March 30, 2017; Common Dreams
Common Dreams reports that nonprofit advocacy groups supporting LGBT rights are calling HB142, which has been promoted as a repeal of North Carolina’s notorious HB2 (the bathroom bill), a “sham” aimed only ending ongoing boycotts of the state without protecting the LGBT community from discrimination. (As NPQ mentioned yesterday, one factor in the situation is that the NCAA made it clear that a failure to change the controversial law would result in a ban on the state as a location to host sports championships through 2022.)
Governor Roy Cooper had been expected to sign the bill, passed yesterday by the North Carolina General Assembly, but as objections have grown louder and more widespread, a “Plan B” may need to be put into play.
According to those speaking out against the measure, HB142 not only provides LGBT people with no state-level protections, but it imposes a moratorium on local governments enacting municipal non-discrimination ordinances through at least 2020.
“This is not a repeal of HB 2. Instead, they’re reinforcing the worst aspects of the law,” said James Esseks, director of the ACLU LGBT Project. “North Carolina lawmakers should be ashamed of this backroom deal that continues to play politics with the lives of LGBT North Carolinians.”
Sarah Gillooly, policy director of the ACLU of North Carolina, agrees, calling the measure a “disgraceful backroom deal.”
The governor and General Assembly may be turning their backs on LGBT North Carolinians today, but we are not. We will continue to fight in court for transgender people to access the restrooms that correspond to their gender identity and for equal protection for the entire LGBT community in North Carolina.
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One year after HB2 was introduced and signed into law in just 12 hours, it is shameful that legislative leaders and North Carolina’s governor are once again rushing through a discriminatory anti-LGBT measure without proper vetting or an opportunity for public input. The way to undo HB2’s profound damage to North Carolina and its people has always been a full, clean repeal, but this proposal would keep anti-LGBT provisions of the law in place and continue to single out and target transgender people. Lawmakers must vote against this proposal, and should it reach his desk, Governor Cooper should withdraw his support and veto it.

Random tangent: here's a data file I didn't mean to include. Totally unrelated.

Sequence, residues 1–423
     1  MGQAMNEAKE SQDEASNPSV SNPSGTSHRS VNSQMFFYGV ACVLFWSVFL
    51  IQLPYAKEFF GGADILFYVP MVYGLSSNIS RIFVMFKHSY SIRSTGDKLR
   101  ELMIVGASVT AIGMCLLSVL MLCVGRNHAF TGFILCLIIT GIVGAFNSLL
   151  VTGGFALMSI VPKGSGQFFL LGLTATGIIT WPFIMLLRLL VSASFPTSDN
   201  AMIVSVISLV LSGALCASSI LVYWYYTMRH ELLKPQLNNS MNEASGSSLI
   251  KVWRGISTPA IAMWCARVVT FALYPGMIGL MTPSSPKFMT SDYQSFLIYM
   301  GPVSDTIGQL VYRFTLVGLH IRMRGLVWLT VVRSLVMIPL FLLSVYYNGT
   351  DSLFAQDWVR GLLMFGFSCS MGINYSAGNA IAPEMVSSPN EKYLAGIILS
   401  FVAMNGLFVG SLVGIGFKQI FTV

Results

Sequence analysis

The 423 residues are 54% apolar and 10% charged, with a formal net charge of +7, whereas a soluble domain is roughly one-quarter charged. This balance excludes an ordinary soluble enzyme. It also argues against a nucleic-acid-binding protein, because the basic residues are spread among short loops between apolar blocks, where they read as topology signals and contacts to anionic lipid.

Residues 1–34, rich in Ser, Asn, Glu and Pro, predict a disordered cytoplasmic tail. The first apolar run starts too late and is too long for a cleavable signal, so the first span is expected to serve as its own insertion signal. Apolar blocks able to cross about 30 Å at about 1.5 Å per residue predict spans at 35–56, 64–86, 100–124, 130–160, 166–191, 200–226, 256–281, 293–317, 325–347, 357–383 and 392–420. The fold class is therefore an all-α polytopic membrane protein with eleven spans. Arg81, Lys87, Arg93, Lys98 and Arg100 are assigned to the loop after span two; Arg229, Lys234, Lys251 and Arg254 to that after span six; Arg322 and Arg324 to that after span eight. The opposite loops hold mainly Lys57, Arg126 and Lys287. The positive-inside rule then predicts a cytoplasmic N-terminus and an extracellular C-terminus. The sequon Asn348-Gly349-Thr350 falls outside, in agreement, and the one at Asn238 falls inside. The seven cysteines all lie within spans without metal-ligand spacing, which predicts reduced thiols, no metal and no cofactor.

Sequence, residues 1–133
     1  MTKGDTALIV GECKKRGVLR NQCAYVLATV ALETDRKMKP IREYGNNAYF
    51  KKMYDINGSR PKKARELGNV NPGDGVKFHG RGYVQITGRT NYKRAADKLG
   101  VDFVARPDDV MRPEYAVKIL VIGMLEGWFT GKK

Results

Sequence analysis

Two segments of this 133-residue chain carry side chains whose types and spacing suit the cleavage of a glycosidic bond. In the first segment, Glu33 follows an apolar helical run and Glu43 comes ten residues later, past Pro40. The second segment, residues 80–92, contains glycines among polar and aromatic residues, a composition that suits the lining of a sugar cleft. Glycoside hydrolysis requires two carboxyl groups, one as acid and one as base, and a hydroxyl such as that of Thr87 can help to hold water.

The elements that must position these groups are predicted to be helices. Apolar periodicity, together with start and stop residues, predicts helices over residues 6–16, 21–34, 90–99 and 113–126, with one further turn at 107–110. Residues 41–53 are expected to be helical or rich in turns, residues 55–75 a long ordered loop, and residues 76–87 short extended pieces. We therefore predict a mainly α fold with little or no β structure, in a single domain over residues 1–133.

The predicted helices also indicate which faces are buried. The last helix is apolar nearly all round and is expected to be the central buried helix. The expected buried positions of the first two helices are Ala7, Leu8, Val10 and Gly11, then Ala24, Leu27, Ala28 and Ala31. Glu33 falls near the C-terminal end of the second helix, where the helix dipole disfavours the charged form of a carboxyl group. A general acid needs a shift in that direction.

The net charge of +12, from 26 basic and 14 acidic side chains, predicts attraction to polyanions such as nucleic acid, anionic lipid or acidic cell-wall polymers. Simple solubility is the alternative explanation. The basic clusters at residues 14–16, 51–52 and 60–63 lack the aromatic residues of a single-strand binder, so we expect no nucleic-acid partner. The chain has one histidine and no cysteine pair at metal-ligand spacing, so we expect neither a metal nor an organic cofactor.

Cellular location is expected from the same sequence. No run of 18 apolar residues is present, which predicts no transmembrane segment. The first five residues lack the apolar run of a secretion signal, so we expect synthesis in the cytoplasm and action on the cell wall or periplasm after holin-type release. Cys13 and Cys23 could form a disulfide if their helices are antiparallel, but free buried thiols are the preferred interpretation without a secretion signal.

Chad Griffin, president of the Human Rights Campaign, said on Wednesday that “the rumored HB2 ‘deal’ does nothing more than double-down on discrimination and would ensure North Carolina remains the worst state in the nation for LGBTQ people. The consequences of this hateful law will only continue without full repeal of HB2.”
He added, “Sellouts cave under pressure. Leaders fight for what’s right.”
“This is a bait and switch,” declared William Barber II of the N.C. Chapter of the NAACP, which has been pivotal in the national boycott. He says the Moral Monday movement he founded “will continue to fight against retaliatory voter suppression, anti-worker legislation, and any backroom efforts to enshrine discrimination in our laws. Above all, any moratorium on civil rights is not a compromise; it is a contradiction with the principle of equal protection under the law and our moral values. We call on all those who stand for justice to vote no on compromise and pass a clean, full repeal of HB2.”
The NCAA will issue a decision on whether it will lift its boycott by early next week, reportedly. Writing for the Charlotte Observer, Scott Fowler urges the NCAA to issue this two-word response: “Pound sand!”
I can’t see how the NCAA will do anything but tell North Carolina lawmakers that Thursday’s shot just rimmed out. No, worse than that. This compromise that pleases hardly anyone is an airball, and should be labeled as such by a passionate crowd that just saw a terrible misfire in a packed arena.
While state legislators and Gov. Roy Cooper are hailing this as a last-minute collaborative victory, it looks to me a lot more like smearing lipstick on a pig. It does not fulfill Cooper’s promises to the LGBT community. It does not allow local governments to pass anti-discrimination ordinances until at least December 2020, and that was one of HB2’s most basic and controversial sticking points. The new bill leaves all gay people vulnerable to unequal treatment until past the next presidential election.